1. ## sum of solutions?

Solve:

5/(x+4) = 4 + [3/(x-2)]

What is the sum of your solutions?

the sum of your solutions is 6x + 10x - 4x squared..

if you were to solve this you get x equal to 2.5 or -1

hope that helps

Solve:

5/(x+4) = 4 + [3/(x-2)]

What is the sum of your solutions?
Make a common denominator by multiplying all the denominators to make one. So (x+4)(1)(x-2) will give you a denominator of (x+4)(x-2)

now you'll have
(something)/(x+4)(x-2) = (something)/(x+4)(x-2) + (something)/(x+4)(x-2)

to find out what that something is, make each term so that it denominator is this common one we just found.
1) term 5/(x+4) ---> [5(x-2)]/[(x+4)(x-2)]
2) term 4 ---> [4(x+4)(x-2)]/[(x+4)(x-2)]
3) term 3/(x-2) ---> [3(x+4)]/(x+4)(x-2)]
so now you have your terms, where their numerators can be added or subtracted with eachother since they all have like denominators.

[5(x-2)]/[(x+4)(x-2)] = [4(x+4)(x-2) + 3(x+4)]/[(x+4)(x-2)]
expand the numerator on each side. don't worry about the denominator since it's the same everywhere.

so, 5x-10 = 4(x^2+4x-2x-8) + 3x+12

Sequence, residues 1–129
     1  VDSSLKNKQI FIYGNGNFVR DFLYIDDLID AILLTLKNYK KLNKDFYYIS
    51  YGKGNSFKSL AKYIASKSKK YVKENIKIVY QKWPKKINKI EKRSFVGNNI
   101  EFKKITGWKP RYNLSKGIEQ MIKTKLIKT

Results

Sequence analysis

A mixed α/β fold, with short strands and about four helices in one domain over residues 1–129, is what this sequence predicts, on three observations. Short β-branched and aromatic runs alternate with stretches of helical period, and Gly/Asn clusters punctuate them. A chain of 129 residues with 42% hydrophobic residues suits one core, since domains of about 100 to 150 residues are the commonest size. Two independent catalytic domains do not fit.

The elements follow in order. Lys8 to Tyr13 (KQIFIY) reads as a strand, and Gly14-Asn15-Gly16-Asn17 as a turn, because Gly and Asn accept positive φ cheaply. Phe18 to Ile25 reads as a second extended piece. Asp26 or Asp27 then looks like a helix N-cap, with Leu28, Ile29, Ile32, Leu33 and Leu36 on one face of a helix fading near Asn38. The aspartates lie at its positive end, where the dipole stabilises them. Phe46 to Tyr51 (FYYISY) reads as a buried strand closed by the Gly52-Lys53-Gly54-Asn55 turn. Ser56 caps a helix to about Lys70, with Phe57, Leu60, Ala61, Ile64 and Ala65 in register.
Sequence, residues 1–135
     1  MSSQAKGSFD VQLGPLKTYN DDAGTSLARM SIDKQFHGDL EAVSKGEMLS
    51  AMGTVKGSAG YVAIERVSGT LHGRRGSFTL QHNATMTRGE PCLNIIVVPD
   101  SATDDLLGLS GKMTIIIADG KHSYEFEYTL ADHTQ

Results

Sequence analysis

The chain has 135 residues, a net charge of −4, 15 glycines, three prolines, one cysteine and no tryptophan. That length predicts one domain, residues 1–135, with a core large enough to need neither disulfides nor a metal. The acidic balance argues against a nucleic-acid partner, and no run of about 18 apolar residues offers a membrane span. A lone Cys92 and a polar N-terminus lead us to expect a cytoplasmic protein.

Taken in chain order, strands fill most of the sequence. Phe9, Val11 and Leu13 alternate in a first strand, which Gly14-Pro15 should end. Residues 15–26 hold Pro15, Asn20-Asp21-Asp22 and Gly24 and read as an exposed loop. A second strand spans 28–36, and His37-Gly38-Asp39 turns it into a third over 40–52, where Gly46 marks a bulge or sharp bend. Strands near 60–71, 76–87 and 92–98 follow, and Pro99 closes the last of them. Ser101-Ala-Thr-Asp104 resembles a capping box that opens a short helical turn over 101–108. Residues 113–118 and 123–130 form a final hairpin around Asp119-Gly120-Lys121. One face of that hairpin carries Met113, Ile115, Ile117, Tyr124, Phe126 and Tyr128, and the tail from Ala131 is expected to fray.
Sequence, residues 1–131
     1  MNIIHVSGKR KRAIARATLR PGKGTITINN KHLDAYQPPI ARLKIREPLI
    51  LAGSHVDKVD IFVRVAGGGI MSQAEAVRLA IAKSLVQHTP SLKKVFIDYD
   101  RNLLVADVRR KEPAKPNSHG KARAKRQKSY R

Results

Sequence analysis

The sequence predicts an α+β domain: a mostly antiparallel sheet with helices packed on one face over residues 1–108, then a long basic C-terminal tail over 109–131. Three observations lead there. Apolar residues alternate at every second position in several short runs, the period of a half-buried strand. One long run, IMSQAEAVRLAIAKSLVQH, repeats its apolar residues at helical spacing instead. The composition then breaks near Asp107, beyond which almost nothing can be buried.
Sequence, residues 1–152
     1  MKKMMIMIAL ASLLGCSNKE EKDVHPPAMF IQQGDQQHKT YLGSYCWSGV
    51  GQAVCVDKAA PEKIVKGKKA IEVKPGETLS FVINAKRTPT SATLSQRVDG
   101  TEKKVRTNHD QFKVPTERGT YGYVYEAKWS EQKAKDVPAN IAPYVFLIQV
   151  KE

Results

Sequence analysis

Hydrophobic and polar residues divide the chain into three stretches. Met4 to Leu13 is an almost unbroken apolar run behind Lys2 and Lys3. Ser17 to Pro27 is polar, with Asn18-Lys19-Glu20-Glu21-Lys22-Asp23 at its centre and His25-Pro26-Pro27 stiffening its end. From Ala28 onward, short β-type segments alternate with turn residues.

5x-10 = 4x^2+16x-8x-32+3x+12
5x-10 = 4x^2+11x-10

So the question is... how do we make these two sides equal. Well, there's a number x which makes this possible. What's this number x? Let's find out. Bring all terms to one side, to start:
0 = 4x^2+11x-10-5x+10
0 = 4x^2+6x
0 = 2x(2x+3)
0 = 2x and 0 = 2x+3
So x = 0 and x = -3/2

There are two numbers that when substitued in for x, will make your original equation true.

Did that help, because I'm not too sure what you were specifically asking.

4. Yes! thanks a lot

6. No problem!

7. ## Sum of solutions.

Solve:

5/(x+4) = 4 + [3/(x-2)]

What is the sum of your solutions?
The sum of the solutions is -1.5 or -3/2.

LCM = (x+4)(x-2) , x not equal to -4; 2

5(x-2) = 4(x+4)(x-2) + 3(x+4)
5x-10 = 4(x^2 +2x-8)+3x+12
0 = 4x^2 +8x-32+3x+12-5x+10
0 = 4x^2 +6x-10
0 = 2x^2 +3x-5
0 = (2x+5)(x-1)

x=-5/2 or x=1 (these are the solutions)

the sum of the solutions
= -5/2 + 1
= -2.5 + 1
= -1.5

(I hope there aren't any mistakes...nice question. Cheers)